Sunday, August 23, 2009

This Day In History 08.23.09


On this day, August 23rd, in 1775, King George III set out a proclamation stating that the American colonies were at a state of "open and avowed rebellion". The official title A Proclamation for Suppressing Rebellion and Sedition was in response to the events at Bunker Hill in June of that year. King George III stated that all colonists who held up arms against the crown were now traitors.

The Battle of Bunker Hill, while it was a victory for the British, was by no means a grand one. The British lost 226 including a number of officers and had over 800 wounded. What the British also realized that day, was that the ragtag so-called soldiers brought forth by the American colonies were able to stand up to the King's troops.





American history classes tell us that the American Revolution was a war for independence. Well, it was, but not in 1775. Because of taxation and the 'Intolerable Laws' set forth in 1774 the colonists feared that their constitutional rights were being violated, and revolted. In June of 1775 the Continental Army was produced by the Second Continental Congress along with the Olive Branch Petition, which was a document sent to George III in hopes of reconciliation. It was outright refused by the King and he responded with his proclamation.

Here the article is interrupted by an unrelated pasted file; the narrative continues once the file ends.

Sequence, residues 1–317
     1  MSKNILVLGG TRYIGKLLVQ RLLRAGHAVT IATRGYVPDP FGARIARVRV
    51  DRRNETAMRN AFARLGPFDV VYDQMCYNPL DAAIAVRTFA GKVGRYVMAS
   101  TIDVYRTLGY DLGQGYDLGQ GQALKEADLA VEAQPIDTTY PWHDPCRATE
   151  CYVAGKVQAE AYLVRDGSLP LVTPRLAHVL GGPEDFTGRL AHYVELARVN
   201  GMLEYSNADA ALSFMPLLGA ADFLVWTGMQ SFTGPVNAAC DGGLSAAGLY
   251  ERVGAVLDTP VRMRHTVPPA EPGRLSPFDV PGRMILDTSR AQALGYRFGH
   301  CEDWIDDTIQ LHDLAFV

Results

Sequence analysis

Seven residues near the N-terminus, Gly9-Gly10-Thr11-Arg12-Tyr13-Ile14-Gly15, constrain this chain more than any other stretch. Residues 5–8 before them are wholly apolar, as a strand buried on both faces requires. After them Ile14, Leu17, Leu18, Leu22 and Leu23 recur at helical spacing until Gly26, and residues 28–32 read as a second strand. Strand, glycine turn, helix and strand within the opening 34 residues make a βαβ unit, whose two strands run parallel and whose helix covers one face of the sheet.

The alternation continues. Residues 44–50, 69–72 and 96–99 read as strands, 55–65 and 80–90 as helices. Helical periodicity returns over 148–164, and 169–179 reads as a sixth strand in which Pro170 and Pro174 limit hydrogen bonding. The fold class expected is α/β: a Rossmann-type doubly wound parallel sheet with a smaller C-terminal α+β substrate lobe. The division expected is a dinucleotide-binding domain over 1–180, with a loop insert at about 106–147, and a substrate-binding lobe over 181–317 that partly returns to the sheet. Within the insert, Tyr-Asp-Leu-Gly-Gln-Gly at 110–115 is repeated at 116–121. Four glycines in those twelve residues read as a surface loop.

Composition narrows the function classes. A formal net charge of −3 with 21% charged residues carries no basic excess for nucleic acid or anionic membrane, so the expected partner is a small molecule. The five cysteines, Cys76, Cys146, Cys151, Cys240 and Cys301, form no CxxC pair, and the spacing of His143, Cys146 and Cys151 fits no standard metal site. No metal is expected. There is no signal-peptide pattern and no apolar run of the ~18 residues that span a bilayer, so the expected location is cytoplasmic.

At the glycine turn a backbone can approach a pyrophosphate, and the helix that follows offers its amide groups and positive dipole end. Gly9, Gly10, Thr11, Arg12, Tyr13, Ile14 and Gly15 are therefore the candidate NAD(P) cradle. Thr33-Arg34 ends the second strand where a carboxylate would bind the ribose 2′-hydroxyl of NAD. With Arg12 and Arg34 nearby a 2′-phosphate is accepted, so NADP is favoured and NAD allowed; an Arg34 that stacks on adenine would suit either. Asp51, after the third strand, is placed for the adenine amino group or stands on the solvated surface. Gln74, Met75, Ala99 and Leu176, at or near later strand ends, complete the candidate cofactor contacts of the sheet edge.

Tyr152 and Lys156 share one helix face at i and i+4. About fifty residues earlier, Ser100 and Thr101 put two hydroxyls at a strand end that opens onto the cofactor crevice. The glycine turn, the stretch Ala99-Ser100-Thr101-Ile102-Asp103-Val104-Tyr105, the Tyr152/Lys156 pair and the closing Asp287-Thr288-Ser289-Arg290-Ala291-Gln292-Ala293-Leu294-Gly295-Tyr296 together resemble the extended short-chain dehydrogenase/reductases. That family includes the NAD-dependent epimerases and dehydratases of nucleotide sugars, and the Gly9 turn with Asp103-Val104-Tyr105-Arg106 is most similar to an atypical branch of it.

The Olive Branch Petition

What King George III didn't realize, was that rejection of the Olive Branch Petition gave John Adams the fuel he needed in order to finally make the final push towards independence. It also opened up the minds of the colonists: either they could remain loyal to the crown (Loyalist) or want for independence (Patriot or in the British view: Rebel). There was no middle ground. Everyone had to pick a side.

Recommended reading:

Common Sense by Thomas Paine
1776 by David McCullough


2 comments:

Jenny said...

Interesting. Is this from the book? History NEVER interested me in school, but for some reason now as an adult it does interest me more.

Christy said...

This here isn't from the book, but a few things I mentioned are in there. The book overviews the events in the second half of 1775 that leads to 1776 and then, of course, the entire year of 1776.

And I'm the same way. History used to put me to sleep, but learning it on my own has made me love it.